Q3 2013

In support of the new materials business, we have accelerated the development of our next-generation launch capacity, low-cost ASF furnaces. Not only will these efforts support our initiative with Apple, we expect that it will enable the expansion of our LED, industrial and specialty sapphire businesses, positioning GT and its equipment customers as the industry’s lowest-cost sapphire producers. We’re very excited about the opportunities that lie ahead for our sapphire business.

Q4 2014

As strong as our sapphire opportunities maybe, the GT story is not just about our emerging sapphire business. In fact, our entry into the sapphire materials business may enable us to expand into other material segments whilst (sp?) we have fully ramped the operation in Arizona.

 

Full Disclosure: I am long GTAT and plan on using the money generated from this blog to buy additional shares of GTAT!

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by Matt Margolis

During the March 14 GT Advanced Technologies New Product and Technology Briefing, GT’s CEO Tom Gutierrez was asked whether or not Hyperion 4 was included within the exclusivity clause with Apple.  His response was that Hyperion was not currently covered within the exclusivity under the Apple agreement.  The million dollar question that remains open is, what is covered or not covered under the Apple exclusivity clause within the current contract?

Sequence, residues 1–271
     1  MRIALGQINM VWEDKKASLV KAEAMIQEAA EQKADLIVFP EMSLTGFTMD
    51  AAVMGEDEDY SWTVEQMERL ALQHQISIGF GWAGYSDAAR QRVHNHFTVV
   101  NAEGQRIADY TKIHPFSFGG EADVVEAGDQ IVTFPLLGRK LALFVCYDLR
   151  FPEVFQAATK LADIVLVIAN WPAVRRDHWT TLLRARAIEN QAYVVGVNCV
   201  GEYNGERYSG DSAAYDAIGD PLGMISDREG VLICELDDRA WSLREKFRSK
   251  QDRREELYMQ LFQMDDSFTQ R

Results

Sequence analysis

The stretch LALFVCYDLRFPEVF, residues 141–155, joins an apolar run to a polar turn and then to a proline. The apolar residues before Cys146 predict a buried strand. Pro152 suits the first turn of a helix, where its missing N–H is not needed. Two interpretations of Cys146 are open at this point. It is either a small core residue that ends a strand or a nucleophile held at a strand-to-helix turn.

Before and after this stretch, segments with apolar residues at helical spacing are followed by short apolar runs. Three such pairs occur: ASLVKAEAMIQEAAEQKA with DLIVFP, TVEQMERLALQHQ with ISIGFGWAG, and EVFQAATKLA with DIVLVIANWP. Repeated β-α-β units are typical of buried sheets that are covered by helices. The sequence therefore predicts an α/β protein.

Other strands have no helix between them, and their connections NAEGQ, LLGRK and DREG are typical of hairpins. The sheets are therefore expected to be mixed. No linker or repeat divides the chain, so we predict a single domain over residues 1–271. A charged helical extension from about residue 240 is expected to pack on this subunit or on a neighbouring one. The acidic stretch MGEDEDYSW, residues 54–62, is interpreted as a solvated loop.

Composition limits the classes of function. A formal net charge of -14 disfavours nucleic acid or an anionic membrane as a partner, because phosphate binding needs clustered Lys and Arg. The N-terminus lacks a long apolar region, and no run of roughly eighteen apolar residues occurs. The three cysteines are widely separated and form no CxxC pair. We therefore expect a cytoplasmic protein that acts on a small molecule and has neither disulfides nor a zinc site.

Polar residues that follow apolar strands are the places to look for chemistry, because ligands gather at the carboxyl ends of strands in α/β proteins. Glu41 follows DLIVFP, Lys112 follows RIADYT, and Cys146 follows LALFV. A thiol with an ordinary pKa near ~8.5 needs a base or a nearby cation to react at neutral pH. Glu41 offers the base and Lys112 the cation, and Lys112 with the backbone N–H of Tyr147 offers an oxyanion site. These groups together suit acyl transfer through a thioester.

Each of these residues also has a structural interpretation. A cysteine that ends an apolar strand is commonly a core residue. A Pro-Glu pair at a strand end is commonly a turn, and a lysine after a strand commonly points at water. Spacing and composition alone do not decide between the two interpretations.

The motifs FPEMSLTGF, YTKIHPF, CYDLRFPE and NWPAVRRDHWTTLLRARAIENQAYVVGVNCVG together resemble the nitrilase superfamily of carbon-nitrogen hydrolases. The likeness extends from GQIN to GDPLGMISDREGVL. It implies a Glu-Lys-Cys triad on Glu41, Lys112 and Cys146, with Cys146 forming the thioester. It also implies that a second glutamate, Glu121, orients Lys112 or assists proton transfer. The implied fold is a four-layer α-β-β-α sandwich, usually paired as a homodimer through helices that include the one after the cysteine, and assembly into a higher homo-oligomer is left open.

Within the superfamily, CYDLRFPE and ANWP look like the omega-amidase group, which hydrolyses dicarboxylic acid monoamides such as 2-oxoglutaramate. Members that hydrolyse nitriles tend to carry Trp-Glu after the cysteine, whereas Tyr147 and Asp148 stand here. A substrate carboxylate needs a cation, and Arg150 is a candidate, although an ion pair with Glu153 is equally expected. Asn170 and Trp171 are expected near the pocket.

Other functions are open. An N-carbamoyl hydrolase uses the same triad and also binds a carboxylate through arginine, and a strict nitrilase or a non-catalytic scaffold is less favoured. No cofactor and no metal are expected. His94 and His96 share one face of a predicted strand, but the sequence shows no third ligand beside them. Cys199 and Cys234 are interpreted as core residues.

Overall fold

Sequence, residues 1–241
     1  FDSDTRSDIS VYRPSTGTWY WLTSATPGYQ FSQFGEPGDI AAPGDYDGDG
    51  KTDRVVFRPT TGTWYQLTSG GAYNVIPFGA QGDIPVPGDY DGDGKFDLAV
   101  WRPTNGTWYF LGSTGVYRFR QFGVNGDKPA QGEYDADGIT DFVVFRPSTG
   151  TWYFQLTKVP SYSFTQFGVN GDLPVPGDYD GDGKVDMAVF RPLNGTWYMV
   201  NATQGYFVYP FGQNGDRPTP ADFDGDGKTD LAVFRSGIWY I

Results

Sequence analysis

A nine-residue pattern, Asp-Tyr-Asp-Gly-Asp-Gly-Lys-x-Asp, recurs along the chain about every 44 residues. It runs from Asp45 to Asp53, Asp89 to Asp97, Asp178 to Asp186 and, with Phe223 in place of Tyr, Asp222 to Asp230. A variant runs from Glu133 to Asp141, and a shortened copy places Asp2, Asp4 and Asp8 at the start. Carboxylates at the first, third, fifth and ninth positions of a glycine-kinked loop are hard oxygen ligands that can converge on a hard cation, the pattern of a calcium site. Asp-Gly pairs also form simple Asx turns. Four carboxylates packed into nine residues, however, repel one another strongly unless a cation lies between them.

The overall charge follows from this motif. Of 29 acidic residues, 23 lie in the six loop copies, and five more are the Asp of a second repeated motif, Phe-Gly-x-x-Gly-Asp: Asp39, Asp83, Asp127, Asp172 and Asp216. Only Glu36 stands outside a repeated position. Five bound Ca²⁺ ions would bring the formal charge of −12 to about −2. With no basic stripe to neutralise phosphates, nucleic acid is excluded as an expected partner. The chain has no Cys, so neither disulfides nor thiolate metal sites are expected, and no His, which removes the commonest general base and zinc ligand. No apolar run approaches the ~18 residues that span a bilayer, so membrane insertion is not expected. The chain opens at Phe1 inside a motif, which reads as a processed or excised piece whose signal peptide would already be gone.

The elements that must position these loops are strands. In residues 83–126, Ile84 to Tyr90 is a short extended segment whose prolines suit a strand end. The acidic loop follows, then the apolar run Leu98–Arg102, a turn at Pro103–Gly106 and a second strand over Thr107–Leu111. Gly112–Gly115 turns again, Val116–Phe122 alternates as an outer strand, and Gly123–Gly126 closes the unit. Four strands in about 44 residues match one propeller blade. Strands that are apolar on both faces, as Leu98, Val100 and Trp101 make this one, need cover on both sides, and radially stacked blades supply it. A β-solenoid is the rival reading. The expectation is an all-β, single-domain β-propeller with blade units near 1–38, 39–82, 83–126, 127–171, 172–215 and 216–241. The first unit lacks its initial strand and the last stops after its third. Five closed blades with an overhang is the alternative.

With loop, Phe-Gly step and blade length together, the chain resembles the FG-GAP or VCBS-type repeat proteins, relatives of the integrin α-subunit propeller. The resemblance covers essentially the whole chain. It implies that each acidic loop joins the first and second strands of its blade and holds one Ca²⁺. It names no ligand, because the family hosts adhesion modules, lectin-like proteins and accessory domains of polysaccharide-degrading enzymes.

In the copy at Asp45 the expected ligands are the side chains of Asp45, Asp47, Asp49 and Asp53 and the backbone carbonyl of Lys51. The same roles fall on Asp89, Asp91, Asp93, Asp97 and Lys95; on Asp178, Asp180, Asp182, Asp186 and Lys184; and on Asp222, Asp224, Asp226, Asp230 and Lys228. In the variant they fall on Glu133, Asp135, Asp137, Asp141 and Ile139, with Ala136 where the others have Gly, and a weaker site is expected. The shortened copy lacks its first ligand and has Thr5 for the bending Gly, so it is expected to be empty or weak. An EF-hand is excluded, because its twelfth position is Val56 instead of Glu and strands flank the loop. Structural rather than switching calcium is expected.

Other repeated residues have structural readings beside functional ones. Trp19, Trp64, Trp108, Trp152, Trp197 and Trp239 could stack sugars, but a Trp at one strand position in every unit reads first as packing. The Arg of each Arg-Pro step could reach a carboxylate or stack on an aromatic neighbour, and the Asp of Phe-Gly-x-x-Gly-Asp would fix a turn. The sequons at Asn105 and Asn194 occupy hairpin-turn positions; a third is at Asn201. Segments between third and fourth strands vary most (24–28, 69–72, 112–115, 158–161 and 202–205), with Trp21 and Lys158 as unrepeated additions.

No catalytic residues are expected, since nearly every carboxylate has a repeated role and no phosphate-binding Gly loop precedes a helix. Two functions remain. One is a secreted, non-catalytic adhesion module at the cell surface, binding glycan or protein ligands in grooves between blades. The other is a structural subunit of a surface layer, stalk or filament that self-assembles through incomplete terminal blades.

According to the contract GTAT cannot enter into performing the “same” or “similar Development Services in the Consumer Electronic Field” while performing “Development Services for Apple, and for 3 years following the date that GTAT ceases to perform the Development Services for Apple”.  Development Services definition seems to be very specific and I would correlate this to mean that GT cannot enter into a materials agreement to grow sapphire and develop sapphire materials for consumer electronics while performing the same service for Apple or until 3 years after GT ceases to grow sapphire and develop sapphire materials for Apple.